CRH Blog Post #16, Advice to Parents, Real Final Piece

Posted on: January 25th, 2013 by admin No Comments

Periodically, we will find it necessary to revisit old threads. In this case, the “old thread” in question was “completed” yesterday, so it’s not too old. But anyway, we left out a very critical piece of information that all parents must understand.

 

As posted in our second ever College Recruiting Help blog post, for many kids, it’s important to be proactive and reach out to college coaches directly in self-marketing efforts. In other words, if you don’t like your current recruiting options, or if you don’t have any recruiting options whatsoever, it’s past time to get off your rear end and put in the time to help yourself. However, one VERY KEY POINT we neglected to mention in that post is this:

 

When it comes to initial (introductory) communication w/ college coaches, it MUST come from the prospect, not the parent!! When coaches hear from parents first, it makes the prospects look disinterested, lazy, and spoiled. Obviously, each school develops their own internal recruiting criteria system, so it’s hard to paint all college programs with the same brush. However, suffice it to say that we are aware of no college programs who deliberately attempt to recruit kids who seem to be disinterested, lazy, and spoiled. So, parents, please don’t introduce yourself and your children to college coaches; force your kids to introduce themselves.

 

Thank you very much for reading. Have a great weekend.
 

CRH Blog Post #15, Advice to Parents, Final Entry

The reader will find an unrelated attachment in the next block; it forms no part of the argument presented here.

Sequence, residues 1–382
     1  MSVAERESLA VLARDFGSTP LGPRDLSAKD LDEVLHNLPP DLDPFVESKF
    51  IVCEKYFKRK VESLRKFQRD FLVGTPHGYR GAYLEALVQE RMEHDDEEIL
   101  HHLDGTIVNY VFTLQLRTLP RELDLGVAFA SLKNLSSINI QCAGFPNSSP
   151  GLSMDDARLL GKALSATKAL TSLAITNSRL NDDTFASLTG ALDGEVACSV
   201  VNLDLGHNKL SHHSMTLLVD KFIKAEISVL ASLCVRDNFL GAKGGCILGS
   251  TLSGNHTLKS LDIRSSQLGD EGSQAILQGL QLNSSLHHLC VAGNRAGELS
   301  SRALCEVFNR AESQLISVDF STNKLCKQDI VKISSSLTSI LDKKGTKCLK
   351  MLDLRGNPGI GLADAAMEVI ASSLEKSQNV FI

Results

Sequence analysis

Posted on: January 24th, 2013 by admin No Comments

This is the final entry on this thread about recruiting advice to parents. To review, refrain from commenting to a college coach about your child’s high school coach, treat referees with respect, avoid the temptation to coach your kid from the crowd, try your best not to get angry while watching your child play, and do your level best to have a receptive and appreciative attitude when a college coach calls, even if that coach does not represent a school where your child has been specifically dreaming about playing.

 

The last major red flag for a college coach in terms of parental behavior that we will address is taking notes/keeping stats while you watch your child play. Honestly, this behavior is just flat out the definition of crazy (unless you’re the official statistician for the team, having been assigned that duty by your child’s coach). Why on earth do you as a parent feel the need to take notes or keep stats? Could it be that you’re obsessed with your child’s individual performance and not particularly concerned about the team? Could it be that you like to keep track to harass your child’s high school coach if the posted stats are “off” by one or two? Could it be that you like and care about the sport your child is playing a whole lot more than your child does? Could it be that you’re planning to review your notes with your child after the game, thereby “helping” (“helping” here means “interfering with”) your child’s coaches?

 

Regardless of your reasoning, just stop. Please, just stop. College coaches will run away from Crazy Stat Dad faster than Europeans apparently run away from deodorant. So, unless you’re interested in hurting your child’s recruiting interest and options, please, just stop.

 

This concludes this thread about parental “do’s and don’t’s.” Thank you very much for reading.

 

 

 

CRH Blog Post #14, Advice to Parents, cont’d

Posted on: January 23rd, 2013 by admin No Comments